It’s time for more hard conversations. This time we’re talking about life after death.
Back in January, I posted about the death of a friend and asked readers to start thinking about and planning for the end of their lives. Since then, the COVID-19 pandemic has probably caused lots of people to consider their end-of-life care. I hope they’ve been able to have those hard conversations face to face, not separated by masks or quarantine barriers in hospitals.
The other day, a friend on Twitter talked about the sudden death of her husband, and how she and her kids were able to survive those first few hours and days and weeks. She talked about the decisions she had to make, like disconnecting life support, choosing his burial clothing, his casket, his vault, and even whether to bury or cremate. She lamented about having to consider reserving the plot next to her husband at age 37. If you haven’t been around death, or haven’t had to deal with those questions before, it can be absolutely overwhelming to do it the first time when you’re in the middle of grieving.
I talked in that previous post about end-of-life decisions, and of making your loved ones aware of your wishes, and equipping them to carry out those wishes. Now I want to talk about what happens after those decisions have been made. What happens after you die?
My parents had the foresight to have set up a revocable trust to handle their estate. Their finances were sort-of complicated, and Dad wanted to make sure whoever survived didn’t have to worry about how to handle things. But when my dad died suddenly twenty-six years ago on a sunny Wednesday afternoon, we realized we didn’t know the answer to a very pertinent question. Where was the key to the safety-deposit box?
You see, he’d kept his copy of the will and codicils in a safety deposit box, along with several other documents that would come in very handy over the next few weeks. But no one could remember where the blasted key was. Yes, we could have had the lock drilled if we’d needed to, but it would have cost a hundred bucks or so, and back in 1994, a hundred bucks was a pretty steep fee. It took us several hours of searching over the next four days to find that key, during which time I found both his cigar and chocolate stashes.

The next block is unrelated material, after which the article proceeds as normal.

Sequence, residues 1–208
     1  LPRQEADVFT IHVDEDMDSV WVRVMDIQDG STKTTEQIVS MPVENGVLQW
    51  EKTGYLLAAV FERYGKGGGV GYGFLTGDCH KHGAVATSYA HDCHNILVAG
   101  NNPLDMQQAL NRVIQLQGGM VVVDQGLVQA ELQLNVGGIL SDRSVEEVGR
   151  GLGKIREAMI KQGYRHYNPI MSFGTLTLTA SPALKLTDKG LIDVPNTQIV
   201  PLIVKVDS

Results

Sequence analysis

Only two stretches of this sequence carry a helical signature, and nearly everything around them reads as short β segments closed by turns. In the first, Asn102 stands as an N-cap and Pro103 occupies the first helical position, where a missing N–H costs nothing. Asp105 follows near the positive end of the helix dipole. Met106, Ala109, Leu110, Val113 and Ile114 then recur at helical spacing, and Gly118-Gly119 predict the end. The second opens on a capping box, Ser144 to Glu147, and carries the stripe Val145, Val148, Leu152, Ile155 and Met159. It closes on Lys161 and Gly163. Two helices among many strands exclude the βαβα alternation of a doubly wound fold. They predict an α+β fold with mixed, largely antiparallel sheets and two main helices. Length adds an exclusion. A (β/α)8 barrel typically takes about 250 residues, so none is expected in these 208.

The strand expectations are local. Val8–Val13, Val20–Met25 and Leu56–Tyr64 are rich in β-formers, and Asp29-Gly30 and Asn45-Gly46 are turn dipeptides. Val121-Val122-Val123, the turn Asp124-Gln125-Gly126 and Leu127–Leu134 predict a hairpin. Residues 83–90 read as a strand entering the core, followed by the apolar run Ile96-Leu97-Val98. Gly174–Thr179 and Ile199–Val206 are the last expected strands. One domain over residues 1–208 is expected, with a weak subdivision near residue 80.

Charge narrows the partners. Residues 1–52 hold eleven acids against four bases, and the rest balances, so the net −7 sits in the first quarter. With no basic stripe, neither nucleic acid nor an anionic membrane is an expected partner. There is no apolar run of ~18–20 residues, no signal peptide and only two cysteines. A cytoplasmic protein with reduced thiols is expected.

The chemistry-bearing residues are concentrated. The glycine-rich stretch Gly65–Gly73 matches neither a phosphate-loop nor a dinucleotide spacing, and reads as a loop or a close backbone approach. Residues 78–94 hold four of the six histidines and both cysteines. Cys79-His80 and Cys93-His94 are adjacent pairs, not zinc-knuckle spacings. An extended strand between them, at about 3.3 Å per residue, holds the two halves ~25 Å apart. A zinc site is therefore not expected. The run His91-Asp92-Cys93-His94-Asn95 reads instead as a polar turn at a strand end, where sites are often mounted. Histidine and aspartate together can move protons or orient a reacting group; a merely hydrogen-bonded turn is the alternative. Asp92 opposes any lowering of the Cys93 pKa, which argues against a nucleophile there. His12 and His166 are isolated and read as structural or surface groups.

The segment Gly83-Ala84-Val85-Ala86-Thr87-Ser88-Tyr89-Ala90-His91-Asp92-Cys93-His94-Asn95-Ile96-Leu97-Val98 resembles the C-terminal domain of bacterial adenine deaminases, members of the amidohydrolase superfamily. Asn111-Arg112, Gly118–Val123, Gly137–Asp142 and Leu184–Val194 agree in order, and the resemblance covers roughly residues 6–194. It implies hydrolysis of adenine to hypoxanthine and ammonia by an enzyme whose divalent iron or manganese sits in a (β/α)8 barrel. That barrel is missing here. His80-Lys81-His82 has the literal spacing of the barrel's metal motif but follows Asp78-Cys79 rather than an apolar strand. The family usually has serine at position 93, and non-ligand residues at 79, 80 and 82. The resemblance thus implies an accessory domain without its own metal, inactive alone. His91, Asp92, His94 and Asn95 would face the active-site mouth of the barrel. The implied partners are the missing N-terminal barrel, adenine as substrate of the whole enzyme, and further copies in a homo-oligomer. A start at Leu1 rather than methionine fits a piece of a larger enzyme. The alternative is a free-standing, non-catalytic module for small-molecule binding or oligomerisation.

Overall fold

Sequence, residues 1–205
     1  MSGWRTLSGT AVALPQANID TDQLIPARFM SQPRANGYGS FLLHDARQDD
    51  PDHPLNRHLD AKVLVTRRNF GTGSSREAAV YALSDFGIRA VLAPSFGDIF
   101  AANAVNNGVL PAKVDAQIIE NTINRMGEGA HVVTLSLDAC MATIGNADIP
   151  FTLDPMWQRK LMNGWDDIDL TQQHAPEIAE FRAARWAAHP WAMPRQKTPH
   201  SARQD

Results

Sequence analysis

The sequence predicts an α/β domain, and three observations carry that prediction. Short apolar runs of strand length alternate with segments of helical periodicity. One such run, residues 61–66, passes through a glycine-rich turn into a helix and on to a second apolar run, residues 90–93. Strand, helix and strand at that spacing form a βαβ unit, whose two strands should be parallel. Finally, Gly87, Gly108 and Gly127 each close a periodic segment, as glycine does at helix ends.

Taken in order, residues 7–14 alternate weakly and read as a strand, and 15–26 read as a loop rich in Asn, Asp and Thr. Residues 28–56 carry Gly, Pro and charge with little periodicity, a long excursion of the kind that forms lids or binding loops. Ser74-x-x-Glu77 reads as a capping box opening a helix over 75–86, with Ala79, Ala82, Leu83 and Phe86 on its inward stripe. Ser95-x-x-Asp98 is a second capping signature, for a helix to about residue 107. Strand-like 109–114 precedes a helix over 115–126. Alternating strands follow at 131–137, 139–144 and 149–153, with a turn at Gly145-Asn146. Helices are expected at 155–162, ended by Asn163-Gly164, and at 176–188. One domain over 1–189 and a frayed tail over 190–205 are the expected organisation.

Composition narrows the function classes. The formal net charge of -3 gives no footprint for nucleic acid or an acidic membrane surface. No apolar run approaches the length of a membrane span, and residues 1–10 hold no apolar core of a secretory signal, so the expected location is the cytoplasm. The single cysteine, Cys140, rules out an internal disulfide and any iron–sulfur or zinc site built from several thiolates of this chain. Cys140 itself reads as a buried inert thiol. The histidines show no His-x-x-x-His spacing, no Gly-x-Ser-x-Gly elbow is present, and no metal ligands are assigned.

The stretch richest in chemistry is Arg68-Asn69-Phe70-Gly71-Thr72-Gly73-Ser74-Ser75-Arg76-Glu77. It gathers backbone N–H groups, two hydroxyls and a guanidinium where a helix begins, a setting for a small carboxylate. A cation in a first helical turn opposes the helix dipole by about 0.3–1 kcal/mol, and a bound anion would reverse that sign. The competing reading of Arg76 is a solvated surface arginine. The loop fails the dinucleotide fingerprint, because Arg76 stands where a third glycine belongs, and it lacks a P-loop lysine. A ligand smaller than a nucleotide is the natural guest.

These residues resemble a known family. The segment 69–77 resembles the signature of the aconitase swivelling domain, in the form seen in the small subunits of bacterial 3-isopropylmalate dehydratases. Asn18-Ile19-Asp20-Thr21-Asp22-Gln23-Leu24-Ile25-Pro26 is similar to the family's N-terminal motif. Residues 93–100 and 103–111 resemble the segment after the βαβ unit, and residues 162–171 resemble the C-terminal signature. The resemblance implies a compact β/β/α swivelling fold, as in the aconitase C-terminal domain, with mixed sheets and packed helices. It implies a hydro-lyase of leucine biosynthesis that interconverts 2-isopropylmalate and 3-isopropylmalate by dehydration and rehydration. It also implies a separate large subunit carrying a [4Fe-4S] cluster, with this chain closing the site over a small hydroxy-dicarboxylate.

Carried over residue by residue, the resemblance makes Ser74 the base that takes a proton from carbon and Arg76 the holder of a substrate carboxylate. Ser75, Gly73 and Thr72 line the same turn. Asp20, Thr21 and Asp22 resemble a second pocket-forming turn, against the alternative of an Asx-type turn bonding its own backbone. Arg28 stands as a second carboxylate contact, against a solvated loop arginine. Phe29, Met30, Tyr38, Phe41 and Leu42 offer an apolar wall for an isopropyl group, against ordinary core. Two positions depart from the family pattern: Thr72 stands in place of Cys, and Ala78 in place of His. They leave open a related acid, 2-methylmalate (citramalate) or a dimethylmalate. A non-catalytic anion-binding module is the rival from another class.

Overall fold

My dad was a veteran of World War II, and so was entitled to receive a flag to drape the casket and a two-man detail at the cemetery (we declined the latter). But to verify his eligibility, we needed a copy of his discharge document, which wasn’t immediately available. I seem to remember that turning up while we were searching for the key, but we shouldn’t have had to spend time looking for the key. It added stress to a time that was already pretty stressful as it was. So allow me to make a few suggestions that might make that time easier for you or your family.
Document, Document, Document
That’s a common refrain for cops: if you don’t write it down, it didn’t happen. So to avoid making my kids go through what I did when my dad died, I’ve written a bunch of stuff down. I have a folder in my Dropbox account called “Important Stuff.” It’s got scans of my DD 214, my VA disability letter, and a few other documents that will come in handy when I kick off.
It’s also got a Word document called “Stuff You Need to Know,” broken up into five headings: Funeral Stuff; Net Stuff; Ravensbeak Domain; Writing; and Family Stuff. Let’s take a look at what’s where.
Funeral Stuff is just what it sounds like. I talk about what funeral home to use, what I want done with my body, and what songs I’d like to be played. I offer some notes about my obituary, because there are certain things I want emphasized. There are no rules on obituaries, by the way. Have fun with them! But please make sure the facts you list are really correct. Genealogists make great use of obits to verify things they’ve found elsewhere, and to give them tips pointing to other facts. The last part of that section is information about how to contact people. Now that I think about it, I should probably list actual addresses and phone numbers there.